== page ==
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Astronomers have made use of ESO's Very Large Telescope to detect for the first time in the ultraviolet the carbon monoxide molecule in a galaxy located almost 11 billion light-years away, a feat that had remained elusive for 25 years. This detection allows them to obtain the most precise measurement of the cosmic temperature at such a remote epoch.
Well-hidden galaxies can be discovered through the imprint their interstellar gas leave on the spectrum of an even more remote quasar. Interstellar clouds of gas in galaxies, located between the quasars and us on the same line of sight, absorb parts of the light emitted by the quasars. The resulting spectrum consequently presents dark 'valleys' that can be attributed to well-known elements and possibly molecules. In this schematic representation, the VLT observes (D) the features associated with three systems, located at different distances (A, B, and C), and whose light is therefore shifted by different amounts. The quasar, which acts as a beacon, is the bright object at the left of the image.
Using a quasar located 12.3 billion light-years away as a beacon, a team of astronomers detected the presence of molecular hydrogen in the farthest system ever, an otherwise invisible galaxy that we observe when the Universe was less than 1.5 billion years old, that is, about 10% of its present age. The astronomers find that there is about one hydrogen molecule for 250 hydrogen atoms. A similar set of observations for two other quasars, together with the most precise laboratory measurements, allows scientists to infer that the ratio of the proton to electron masses may have changed with time. If confirmed, this would have important consequences on our understanding of physics.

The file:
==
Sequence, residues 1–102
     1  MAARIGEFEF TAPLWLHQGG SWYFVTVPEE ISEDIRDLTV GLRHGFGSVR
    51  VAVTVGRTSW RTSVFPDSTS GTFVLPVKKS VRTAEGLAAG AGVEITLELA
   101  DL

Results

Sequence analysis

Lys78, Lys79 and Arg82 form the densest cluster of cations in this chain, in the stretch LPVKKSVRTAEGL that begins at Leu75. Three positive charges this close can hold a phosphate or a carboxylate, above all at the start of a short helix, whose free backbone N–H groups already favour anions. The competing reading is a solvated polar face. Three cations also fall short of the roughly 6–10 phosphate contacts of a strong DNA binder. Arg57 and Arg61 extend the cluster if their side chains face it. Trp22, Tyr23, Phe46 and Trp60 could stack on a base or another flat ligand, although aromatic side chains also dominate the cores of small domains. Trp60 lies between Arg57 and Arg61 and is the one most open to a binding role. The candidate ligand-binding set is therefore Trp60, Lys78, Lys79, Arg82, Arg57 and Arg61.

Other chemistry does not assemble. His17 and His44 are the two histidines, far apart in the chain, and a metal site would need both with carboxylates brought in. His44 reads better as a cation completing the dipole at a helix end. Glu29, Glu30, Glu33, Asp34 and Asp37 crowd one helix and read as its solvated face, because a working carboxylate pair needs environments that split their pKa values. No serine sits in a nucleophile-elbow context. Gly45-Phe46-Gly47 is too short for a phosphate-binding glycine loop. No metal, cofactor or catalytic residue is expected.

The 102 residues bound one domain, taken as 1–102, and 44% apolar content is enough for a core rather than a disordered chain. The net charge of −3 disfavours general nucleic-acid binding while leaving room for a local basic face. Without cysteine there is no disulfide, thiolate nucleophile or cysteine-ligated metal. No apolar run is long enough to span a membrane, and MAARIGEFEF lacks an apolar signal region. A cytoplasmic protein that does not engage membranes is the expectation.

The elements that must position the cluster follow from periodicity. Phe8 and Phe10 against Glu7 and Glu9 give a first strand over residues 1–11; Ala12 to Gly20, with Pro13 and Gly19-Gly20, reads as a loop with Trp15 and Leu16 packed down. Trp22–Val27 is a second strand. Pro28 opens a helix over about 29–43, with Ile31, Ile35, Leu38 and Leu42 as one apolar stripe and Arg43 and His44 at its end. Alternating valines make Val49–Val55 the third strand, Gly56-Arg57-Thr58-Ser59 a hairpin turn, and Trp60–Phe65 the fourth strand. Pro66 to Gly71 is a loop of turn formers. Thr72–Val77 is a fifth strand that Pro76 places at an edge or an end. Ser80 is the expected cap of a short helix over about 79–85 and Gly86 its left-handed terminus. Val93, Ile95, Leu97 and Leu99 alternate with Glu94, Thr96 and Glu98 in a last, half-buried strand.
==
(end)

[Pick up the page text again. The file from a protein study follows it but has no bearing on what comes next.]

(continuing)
Spectrum of the quasar PSS J 1443+2724, revealing the otherwise invisible galaxy at a redshift of 4.224. The velocity profiles of selected transition lines from some rotational levels of H2 are shown. The best fit is superposed in red on the observed spectrum (in black).
Spectrum of a very distant quasar on which the footprints from a galaxy located almost 11 billion light-years away are seen. Various bands of carbon monoxide (CO), as well as bands of normal and deuterated molecular hydrogen (H2, HD) were identified by the astronomers. The different intensities of the CO bands allow the astronomers to infer the temperature of the Cosmic Background Radiation at this very remote epoch. The spectrum was obtained with UVES on ESO's VLT. It is the result of more than 8 hours of observations.
A composite infrared image of the X-ray luminous galaxy cluster XMMU J2235.3-2557 at redshift 1.4, one of the most distant galaxy clusters known.
The composite is made of 4 HAWK-I pointings in both J and Ks and covers 13.5 arc minutes on a side. The cluster is right in the middle of the frame and is difficult to see, given the large field of view, so a blow-up centred on the cluster is shown in the inset. As can be seen by eye, the core of the cluster is dominated by red galaxies with very similar colours. The stars in these galaxies are already very old. On average they formed when the Universe was only one billion years old. As one moves away from the center of the cluster, cluster galaxies become slightly bluer, suggesting that galaxies in the outskirts are either younger or have recently experienced a small amount of star formation (commonly called "frosting"). As one moves even further out, the authors hope to find small groups of galaxies that will, one day, merge with the core.
In the standard flat, lambda-dominated cosmology, the universe is 4.6 billion years old at redshift 1.4 and 1.1 billion years old at redshift 5. The universe at redshift 0 (today) is 13.7 billion years old.
At a redshift of 1.4, 10 arc minutes on the sky corresponds to a linear distance of 5 Mpc (15,000,000,000,000,000,000 km).
Authors: Chris Lidman, Piero Rosati, Masyuki Tanaka and the HAWK-I science verification team.